HL7v3 has not been adopted globally as it is firstly a new standard, and it is incompatible with the older widely implemented HL7 v2 versions. If a healthcare business would like to adopt v3, then HL7 V2-based interfaces would need to be created and maintained with v2 applications, all whilst implementing the new v3-based applications and interfaces.

As the implementation of v3 is complex and not user-friendly, v3 has been mainly adopted by users for use in applications that do not have legacy requirements or in regions of their business that have increased government requirements of v3 usage.

When Is HL7 Version 3 Used?

HL7v3 is primarily used when there is a need to implement Clinical Documentation Architecture (CDA) for the exchange of electronic documents. The exchange of electronic documents generally occurs between the patient and provider for quality reporting or public health initiatives.

What Are The Benefits of adapting HL7v3?

While the implementation of v3 will/may require the creation of v2 interfaces and other applications to facilitate communication between the HL7 standards, and this may seem more like more effort than reward, HL7v3 does have some redeeming benefits.

  • A consistent representation of data laterally across the various HL7 domains of interest is provided.
  • Semantic interoperability is the main focus of determining how information is presented in a clinical framework. Semantic interoperability ensures that the receiving and sending systems share the semantics (meaning) of the data being transferred.
  • Users are able to at any time take advantage of the latest and most efficient implementation technologies that are available.
  • There is a universal application, ensuring that standards can have the best possible global impact whilst, being meeting regional and local system requirements.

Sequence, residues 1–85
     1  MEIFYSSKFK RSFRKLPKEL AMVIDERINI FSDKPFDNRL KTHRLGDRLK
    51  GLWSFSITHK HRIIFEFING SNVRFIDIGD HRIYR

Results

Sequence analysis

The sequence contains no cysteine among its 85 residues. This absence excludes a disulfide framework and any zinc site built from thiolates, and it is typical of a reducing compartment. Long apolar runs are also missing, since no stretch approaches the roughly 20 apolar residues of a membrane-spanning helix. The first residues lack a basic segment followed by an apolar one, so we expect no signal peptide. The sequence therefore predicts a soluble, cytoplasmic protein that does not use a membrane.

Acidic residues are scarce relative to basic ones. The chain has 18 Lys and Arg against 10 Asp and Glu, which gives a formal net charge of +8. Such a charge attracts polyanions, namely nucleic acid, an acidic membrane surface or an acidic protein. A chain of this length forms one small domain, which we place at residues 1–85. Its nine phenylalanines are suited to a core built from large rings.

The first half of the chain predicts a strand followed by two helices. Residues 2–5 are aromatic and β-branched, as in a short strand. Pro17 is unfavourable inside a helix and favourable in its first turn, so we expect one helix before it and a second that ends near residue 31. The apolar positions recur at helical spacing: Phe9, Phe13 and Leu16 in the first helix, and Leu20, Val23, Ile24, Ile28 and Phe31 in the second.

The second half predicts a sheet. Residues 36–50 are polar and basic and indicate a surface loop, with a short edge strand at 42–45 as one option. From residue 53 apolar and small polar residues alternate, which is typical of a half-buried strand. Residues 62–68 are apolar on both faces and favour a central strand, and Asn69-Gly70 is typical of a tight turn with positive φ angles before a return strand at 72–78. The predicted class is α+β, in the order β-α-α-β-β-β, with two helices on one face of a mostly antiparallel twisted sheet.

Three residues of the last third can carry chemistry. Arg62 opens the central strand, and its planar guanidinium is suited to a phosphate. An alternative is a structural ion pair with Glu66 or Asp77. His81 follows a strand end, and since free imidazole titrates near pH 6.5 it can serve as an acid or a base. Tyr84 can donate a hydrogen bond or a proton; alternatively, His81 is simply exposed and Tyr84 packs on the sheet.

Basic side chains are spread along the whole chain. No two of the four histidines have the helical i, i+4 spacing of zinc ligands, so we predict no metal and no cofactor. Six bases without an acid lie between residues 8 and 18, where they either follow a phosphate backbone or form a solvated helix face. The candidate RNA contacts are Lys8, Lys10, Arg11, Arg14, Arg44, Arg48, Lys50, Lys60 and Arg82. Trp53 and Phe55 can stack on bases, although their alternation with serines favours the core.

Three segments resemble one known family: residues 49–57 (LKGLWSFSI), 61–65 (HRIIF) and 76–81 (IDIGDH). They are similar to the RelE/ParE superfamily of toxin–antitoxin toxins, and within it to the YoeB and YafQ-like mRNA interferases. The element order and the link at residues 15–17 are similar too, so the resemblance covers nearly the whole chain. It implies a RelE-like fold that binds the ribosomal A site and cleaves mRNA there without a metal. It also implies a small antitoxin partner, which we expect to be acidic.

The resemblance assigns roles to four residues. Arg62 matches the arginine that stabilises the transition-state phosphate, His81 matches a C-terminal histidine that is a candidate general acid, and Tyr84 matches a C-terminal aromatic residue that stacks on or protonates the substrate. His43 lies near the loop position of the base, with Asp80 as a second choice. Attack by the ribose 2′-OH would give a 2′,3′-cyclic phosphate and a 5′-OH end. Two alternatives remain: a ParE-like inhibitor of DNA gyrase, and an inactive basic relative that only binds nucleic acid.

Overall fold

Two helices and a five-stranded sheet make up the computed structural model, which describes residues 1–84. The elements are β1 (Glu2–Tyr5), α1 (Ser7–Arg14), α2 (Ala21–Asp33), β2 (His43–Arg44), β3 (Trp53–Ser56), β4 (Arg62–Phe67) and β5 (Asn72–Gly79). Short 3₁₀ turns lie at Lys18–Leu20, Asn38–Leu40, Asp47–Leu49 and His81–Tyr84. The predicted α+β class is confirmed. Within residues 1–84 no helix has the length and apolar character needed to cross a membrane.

• Provides consistent development and provides the user with the ability to manipulate and store the specifications in data repositories, alternatively storing data in word-processing documents.  

What Is CDA?

CDA is part of the HL7v3 and is a document addition standard that defines the semantics and structure of all clinical documents that are transferred between patients and healthcare providers. These clinical documents are defined as having the following characteristics:


  • Persistence
  • Human readability
  • Context
  • Stewardship
  • Potential for authentication and,
  • Wholeness


A CDA would generally contain imaging reports, pathology reports, discharge summaries, physical and admission, etc. The most widespread use for CDA is for inter-enterprise information, for example, US Health Information Exchange (HIE).


HL7v3, although not widely implemented, does operate in the real world despite its complexities and that it is not backward compatible with HL7v2 versions. It provides users with semantic interoperability, consistent development, designed universal application, consistent representation of data laterally across the various HL7 standards, and does indeed cover the shortfalls of the v2 version standards.

Suppose you enjoyed reading this blog article and would like to read more on this topic, head over to our website blog. Suppose you are interested in implementing HL7v3 in your healthcare business or are looking for other services in the health information technology sphere; head over to our services page to see how we can best help you.